The second wine was also from the 1998 vintage,  AOC Côtes du Rhône Villages Cairanne Cuilleron Gaillard Villard La Perdendaille.  This wine is made by the negoçiant firm, Vins de Vienne, set up in the mid-1990’s by three successful, highly-regarded vignerons from the northern Rhône, Yves Cuilleron, Pierre Gaillard and Francois Villard. Each of these men is a fine producer in his own right but for the past 15 years they have been making wines that attract a following despite their steep, cult-like prices.

The Cairanne appellation has been one of my favourites for many years.  The wines are rich with exceptional black fruit and garrigue, they sell at very attractive value prices and we see good supply of them in Ontario.

As was the case with the Burgundy above, this wine had a long, dry cork, in mint condition. This wine was a bright ruby colour with no signs of garnet anywhere in the glass. The nose was still developing and quite intense.  Aromas of berry fruit, smoked meat, smoke, wet earth and vanilla were all displayed in a youthful package.

The palate was intense with bright acidity, and a supple mouth feel. The tannins were grainy but were well-integrated and while the alcohol was high the wine was nicely balanced without discernible heat.  Concentrated dark berry fruit dominated the palate.  The fruit was accompanied by spice, smoke, toast and vanilla.  The finish was long with a grainy character.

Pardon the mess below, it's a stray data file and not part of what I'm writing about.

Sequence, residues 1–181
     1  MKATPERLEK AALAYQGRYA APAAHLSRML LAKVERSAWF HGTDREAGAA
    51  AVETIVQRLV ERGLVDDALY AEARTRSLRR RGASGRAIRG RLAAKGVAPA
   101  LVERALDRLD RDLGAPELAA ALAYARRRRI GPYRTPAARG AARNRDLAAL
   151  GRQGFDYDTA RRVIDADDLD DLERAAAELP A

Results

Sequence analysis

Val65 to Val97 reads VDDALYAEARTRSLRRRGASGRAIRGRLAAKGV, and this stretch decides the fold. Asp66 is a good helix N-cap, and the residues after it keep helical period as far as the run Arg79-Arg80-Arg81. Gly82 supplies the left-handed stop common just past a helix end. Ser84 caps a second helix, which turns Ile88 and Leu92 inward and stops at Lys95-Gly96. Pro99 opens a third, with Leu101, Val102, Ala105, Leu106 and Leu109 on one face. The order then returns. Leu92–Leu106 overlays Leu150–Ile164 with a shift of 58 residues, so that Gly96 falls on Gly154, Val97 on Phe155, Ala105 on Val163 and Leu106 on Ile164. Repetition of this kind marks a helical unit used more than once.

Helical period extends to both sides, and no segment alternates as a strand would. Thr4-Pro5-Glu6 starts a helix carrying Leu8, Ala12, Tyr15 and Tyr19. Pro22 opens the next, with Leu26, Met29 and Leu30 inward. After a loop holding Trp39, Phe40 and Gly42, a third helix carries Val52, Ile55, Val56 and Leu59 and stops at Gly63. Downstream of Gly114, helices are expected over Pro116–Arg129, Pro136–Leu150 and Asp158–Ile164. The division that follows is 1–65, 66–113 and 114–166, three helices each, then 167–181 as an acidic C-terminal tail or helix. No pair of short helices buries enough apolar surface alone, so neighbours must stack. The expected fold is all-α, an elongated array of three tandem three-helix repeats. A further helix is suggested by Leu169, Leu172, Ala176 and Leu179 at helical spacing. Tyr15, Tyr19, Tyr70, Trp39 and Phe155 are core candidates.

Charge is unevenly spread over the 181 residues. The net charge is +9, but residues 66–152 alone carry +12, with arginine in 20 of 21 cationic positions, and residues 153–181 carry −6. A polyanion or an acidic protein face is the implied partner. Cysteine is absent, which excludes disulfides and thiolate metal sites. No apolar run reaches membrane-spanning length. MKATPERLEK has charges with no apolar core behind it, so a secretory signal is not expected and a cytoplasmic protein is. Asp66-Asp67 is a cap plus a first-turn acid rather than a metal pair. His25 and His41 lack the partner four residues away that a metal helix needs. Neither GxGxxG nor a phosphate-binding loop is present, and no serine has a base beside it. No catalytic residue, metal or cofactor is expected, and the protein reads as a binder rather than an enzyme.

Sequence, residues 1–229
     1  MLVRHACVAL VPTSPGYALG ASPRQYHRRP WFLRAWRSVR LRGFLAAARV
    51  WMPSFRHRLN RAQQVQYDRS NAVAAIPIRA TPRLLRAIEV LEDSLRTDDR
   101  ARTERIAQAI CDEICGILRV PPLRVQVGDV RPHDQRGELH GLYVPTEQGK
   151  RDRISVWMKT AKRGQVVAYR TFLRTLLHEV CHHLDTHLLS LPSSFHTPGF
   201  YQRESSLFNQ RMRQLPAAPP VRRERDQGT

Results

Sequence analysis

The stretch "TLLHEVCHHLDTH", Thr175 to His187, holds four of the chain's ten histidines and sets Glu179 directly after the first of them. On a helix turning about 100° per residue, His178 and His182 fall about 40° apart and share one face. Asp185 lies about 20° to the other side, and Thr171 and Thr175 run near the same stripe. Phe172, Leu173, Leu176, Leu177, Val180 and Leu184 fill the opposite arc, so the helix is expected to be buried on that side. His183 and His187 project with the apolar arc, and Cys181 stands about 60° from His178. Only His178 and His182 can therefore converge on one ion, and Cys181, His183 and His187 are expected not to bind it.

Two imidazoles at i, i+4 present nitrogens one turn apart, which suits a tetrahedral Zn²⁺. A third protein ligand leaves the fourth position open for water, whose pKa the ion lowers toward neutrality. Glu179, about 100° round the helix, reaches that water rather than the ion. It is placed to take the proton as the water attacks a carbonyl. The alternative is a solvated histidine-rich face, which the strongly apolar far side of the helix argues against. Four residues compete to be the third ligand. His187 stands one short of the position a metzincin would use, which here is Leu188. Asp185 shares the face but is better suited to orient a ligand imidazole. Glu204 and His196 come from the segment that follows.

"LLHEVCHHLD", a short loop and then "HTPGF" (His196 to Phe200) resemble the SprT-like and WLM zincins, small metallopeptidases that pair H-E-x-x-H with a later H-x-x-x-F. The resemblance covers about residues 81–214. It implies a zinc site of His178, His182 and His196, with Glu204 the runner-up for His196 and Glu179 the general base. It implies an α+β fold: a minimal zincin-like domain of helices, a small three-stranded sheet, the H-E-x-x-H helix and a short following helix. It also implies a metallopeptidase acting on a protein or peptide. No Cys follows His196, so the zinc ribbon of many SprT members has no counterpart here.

This wine was another beauty: youthful, complex, balanced and harmonious with expressive fruit – a wonderful sensory experience.  Despite its age this wine continued to evolve in the glass.

Both wines demonstrated the benefits of ageing and the potential that well-made wines possess, even if they aren’t from top-tier appellations.  Most wine is made to be consumed immediately but yet I believe too many wines are consumed too early.  Most wines will not last 12 years the way these two wines did, but I encourage readers to apply patience to their wines from time to time.  It will be rewarded.

Now what else can I dig out from the cave…

à bientôt…

Originally published in WVN, November 13, 2010. Copyright© W. John Switzer 2003 – 2010.

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Author: John Switzer

I am wine writer, educator and tour guide. From 2005 to June 2014 I published a bi-weekly newsletter, the Winesights Vintages Newsletter (WVN). This Newsletter was closed in July 2014 when the Government of Canada put in place the onerous administrative requirements of Canada's Anti-Spam Legislation. The legacy of WVN continues on this blog spot where I post wine-related articles as well as reviews of a small selection of best-value wines from each bi-weekly LCBO Vintages release. I hold the WSET Diploma, I am a WSET Certified Educator, I teach in the WSET program at the Independent Wine Education Guild in Toronto where I am the past Director of the WSET Diploma program. Since 2010 I have been a judge at Decanter World Wine Awards on the Rhône panel and I am a member of the Society of Wine Educators.